pumpkin would be disquali-fied. Even having a crack would eliminate a pumpkinfrom competition. So, mov-ing these big boys can be a te-dious process.This year’s winner wasgrown by Tim and SusanMathison from California andweighed in at a whopping2,032 pounds. That set a newworld record, beating the pre-vious one set just last year bya grower from Rhode Island,which weighed 2,009 pounds.Each year’s winner is thentaken to the New York Botan-ical Garden where it is on dis- play for a few weeks.Even if you don’t want toget into growing the world’slargest pumpkin, growing bigones can be fun to do. Just getsome giant seeds, ‘Dill’s At-lantic Giant’ are readily avail-able, and see what happens.One tip, pumpkins are heavyfeeders so don’t forget to use plenty of compost and fertil-izer.Who knows, maybe TheGreat Pumpkin will rise fromyour pumpkin patch nextHalloween.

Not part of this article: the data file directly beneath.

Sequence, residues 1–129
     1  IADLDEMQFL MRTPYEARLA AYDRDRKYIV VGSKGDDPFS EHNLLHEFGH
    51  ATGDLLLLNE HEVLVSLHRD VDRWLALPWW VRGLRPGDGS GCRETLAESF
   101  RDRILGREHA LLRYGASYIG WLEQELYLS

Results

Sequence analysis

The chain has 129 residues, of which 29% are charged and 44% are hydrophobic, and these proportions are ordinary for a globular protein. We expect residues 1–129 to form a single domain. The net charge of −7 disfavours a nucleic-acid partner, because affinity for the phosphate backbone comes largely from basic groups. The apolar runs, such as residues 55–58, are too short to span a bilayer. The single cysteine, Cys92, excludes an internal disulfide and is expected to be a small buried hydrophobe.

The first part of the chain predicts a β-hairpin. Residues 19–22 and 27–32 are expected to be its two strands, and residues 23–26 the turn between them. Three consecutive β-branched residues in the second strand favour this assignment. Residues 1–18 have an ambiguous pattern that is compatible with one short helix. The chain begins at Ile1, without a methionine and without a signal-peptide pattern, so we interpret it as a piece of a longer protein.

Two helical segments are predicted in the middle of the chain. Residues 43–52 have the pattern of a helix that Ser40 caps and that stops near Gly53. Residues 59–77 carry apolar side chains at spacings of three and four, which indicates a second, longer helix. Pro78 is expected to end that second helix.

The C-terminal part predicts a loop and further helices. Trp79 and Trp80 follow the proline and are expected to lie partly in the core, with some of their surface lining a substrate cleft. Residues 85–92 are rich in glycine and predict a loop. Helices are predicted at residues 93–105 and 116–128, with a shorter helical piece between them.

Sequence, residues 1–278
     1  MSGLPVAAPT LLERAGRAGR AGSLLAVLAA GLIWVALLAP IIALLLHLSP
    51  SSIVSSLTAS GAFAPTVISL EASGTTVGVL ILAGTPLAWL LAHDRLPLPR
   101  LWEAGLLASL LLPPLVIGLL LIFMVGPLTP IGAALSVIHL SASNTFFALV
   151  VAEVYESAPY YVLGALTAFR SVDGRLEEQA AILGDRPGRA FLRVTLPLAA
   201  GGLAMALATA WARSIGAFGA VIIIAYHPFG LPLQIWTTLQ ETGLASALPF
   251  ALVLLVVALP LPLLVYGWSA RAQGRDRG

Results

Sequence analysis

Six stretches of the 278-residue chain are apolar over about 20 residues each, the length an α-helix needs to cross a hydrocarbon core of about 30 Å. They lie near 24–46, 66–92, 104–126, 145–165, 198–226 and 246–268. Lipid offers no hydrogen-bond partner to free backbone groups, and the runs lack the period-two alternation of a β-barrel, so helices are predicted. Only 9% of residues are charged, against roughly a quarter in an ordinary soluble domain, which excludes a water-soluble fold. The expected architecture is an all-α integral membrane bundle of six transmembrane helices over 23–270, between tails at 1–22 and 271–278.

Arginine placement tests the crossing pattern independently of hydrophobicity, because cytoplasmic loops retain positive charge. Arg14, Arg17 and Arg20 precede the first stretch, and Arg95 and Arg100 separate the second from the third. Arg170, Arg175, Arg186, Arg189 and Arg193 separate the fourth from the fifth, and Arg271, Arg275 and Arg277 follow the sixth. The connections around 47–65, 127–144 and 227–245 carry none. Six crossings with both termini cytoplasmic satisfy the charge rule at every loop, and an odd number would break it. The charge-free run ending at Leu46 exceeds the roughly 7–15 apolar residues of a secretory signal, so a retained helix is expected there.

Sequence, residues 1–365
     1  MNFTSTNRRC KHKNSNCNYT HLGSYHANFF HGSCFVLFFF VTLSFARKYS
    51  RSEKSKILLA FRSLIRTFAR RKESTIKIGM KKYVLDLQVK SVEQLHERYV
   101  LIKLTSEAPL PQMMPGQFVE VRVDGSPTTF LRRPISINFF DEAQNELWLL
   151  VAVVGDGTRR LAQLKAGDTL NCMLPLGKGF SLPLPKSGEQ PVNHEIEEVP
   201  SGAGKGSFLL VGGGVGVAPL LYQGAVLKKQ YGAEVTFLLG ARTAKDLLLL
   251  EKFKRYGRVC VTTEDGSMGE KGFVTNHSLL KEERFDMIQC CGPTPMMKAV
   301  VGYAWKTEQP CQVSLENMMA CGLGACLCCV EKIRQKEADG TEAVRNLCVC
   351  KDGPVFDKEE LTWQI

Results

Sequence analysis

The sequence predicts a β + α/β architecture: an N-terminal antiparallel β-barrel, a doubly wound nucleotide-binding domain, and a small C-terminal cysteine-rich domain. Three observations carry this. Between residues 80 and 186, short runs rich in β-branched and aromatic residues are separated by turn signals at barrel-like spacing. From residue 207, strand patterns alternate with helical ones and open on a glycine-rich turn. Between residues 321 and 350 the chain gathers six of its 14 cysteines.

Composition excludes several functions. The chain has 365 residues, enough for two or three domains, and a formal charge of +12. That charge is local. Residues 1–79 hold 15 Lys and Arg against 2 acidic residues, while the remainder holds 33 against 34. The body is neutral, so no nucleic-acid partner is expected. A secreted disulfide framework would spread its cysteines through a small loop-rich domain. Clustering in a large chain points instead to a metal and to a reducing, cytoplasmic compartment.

Read more at Kylees blog,Our Little Acre, at “www.ourlittleacre.com and on Facebook http://www.face-book.com/OurLittleAcre Or email her at PauldingPro- gressGardener@gmail.com.